Featured Expert Contributor – Intellectual Property (Patents)
Jeffri A. Kaminski, Partner, Venable LLP, with William A. Hector, Associate, Venable LLP.
The US Supreme Court issued its decision in TC Heartland LLC v. Kraft Food Group Brands LLC altering the landscape of where patent owners may file patent infringement cases. Previously, these cases could be filed in essentially any jurisdiction, allowing patent owners to select the forum of their choice. TC Heartland now requires that there be some connection between the accused infringer and the jurisdiction where suit is filed. The Court ruled unanimously that “a domestic corporation ‘resides’ only in its State of incorporation for purposes of the patent venue statute.” Continue reading
By Sara Kobak, W. Michael Gillette, and Aukjen Ingraham, Shareholders with Schwabe, Williamson & Wyatt, P.C. in Portland, OR.
Since the US Supreme Court clarified the due-process limits on the exercise of general or all-purpose jurisdiction in Daimler AG v. Bauman, 134 S. Ct. 746 (2014), plaintiffs have reached for new arguments to support the exercise of general jurisdiction over corporate defendants in forums where the defendants cannot fairly be considered “at home.” With notable exceptions—including the decisions at issue in Bristol-Myers Squibb Co. v. Superior Court of California, Case No. 16-466, and Tyrell v. BNSF Railway Co., Case No. 16-405, both scheduled for argument before the Supreme Court on April 25, 2017—the majority of lower courts have rejected these attempts to evade Daimler and its due-process requirements. The most recent examples of decisions enforcing Daimler come from the high courts of Oregon and Missouri, with the Washington Legal Foundation submitting an amicus brief in the Oregon case. Continue reading
By Eric D. Miller, Partner, Perkins Coie LLP*
A pending petition for a writ of certiorari presents the United States Supreme Court with an opportunity to clarify whether a state may exercise personal jurisdiction over a nonresident defendant based solely on the defendant’s sale of components to third parties who incorporate those parts into finished products that are then sold in the forum State.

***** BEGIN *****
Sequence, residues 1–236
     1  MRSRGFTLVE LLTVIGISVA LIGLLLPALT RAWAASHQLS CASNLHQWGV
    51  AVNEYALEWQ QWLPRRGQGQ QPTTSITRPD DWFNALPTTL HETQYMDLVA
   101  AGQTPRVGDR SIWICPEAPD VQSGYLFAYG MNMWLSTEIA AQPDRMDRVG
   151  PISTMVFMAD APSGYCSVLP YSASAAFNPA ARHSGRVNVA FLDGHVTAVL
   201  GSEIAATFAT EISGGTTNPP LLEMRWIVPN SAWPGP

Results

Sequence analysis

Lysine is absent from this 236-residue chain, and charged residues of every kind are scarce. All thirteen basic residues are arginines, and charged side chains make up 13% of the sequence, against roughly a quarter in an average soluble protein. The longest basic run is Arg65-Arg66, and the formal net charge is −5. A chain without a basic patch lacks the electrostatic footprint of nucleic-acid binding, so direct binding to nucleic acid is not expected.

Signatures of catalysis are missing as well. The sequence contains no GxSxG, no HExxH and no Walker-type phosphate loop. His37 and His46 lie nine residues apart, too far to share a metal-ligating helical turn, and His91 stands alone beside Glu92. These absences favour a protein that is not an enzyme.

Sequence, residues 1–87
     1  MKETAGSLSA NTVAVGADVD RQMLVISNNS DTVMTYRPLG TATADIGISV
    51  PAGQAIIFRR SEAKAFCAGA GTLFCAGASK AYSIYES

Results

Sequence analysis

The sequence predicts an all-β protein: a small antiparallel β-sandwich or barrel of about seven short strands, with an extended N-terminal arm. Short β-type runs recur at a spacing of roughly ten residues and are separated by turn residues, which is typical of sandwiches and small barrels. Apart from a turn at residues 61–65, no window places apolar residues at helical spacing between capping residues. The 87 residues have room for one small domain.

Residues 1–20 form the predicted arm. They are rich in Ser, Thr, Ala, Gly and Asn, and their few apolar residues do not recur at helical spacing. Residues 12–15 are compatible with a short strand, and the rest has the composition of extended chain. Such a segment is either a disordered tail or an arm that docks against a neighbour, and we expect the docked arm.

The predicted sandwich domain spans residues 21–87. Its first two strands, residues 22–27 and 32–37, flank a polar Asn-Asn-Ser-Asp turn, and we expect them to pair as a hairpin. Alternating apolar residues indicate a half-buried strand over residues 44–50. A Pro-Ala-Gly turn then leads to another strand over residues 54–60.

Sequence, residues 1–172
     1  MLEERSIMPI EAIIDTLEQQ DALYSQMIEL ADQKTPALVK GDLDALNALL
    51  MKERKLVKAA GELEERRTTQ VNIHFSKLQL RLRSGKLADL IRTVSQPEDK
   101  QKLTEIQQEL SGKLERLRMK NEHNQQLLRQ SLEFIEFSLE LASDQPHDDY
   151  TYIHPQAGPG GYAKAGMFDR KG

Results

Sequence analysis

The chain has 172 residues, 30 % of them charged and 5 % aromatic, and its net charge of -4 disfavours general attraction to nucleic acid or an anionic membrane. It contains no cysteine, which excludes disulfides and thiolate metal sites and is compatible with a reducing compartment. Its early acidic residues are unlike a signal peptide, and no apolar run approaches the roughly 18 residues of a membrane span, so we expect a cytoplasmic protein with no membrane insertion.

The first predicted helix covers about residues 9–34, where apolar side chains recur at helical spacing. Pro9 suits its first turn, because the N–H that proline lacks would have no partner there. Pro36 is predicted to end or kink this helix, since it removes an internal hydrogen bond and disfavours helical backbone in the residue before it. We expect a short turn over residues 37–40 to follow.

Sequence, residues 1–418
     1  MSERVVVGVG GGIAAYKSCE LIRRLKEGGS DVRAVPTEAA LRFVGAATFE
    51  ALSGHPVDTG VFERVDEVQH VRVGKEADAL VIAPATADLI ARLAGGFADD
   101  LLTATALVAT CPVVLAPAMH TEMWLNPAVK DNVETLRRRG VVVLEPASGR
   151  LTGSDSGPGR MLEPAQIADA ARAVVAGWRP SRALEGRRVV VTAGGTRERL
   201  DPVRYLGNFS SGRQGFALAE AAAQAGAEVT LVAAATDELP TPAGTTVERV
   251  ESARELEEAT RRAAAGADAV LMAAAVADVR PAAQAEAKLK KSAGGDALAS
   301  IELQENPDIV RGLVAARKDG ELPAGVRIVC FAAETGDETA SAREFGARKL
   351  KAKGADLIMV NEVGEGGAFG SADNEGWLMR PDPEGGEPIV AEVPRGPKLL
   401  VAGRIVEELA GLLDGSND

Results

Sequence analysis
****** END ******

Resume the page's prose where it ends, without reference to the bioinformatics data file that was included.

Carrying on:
That question has divided the lower courts since Asahi Metal Industry Co. v. Superior Court, 480 U.S. 102 (1987). In that case, Asahi, a Japanese manufacturer, had delivered tire-valve assemblies to a Taiwanese tire manufacturer that sold tires throughout the world, including in California. After a California resident was injured in an accident caused by a defective valve, he sued Asahi in California state court. The Supreme Court held that Asahi was not subject to personal jurisdiction in California, but no rationale commanded a majority of the Court. Justice O’Connor, writing for four justices, concluded that the connection between the defendant and the forum state necessary to establish specific personal jurisdiction “must come about by an action of the defendant purposefully directed toward the forum state.” In her view, placing a product “into the stream of commerce, without more,” is not such an act. Justice Brennan, on the other hand, wrote for four justices who believed that placement of goods into the stream of commerce, with the knowledge that they will ultimately be sold in a state, can be sufficient for jurisdiction in that state. Continue reading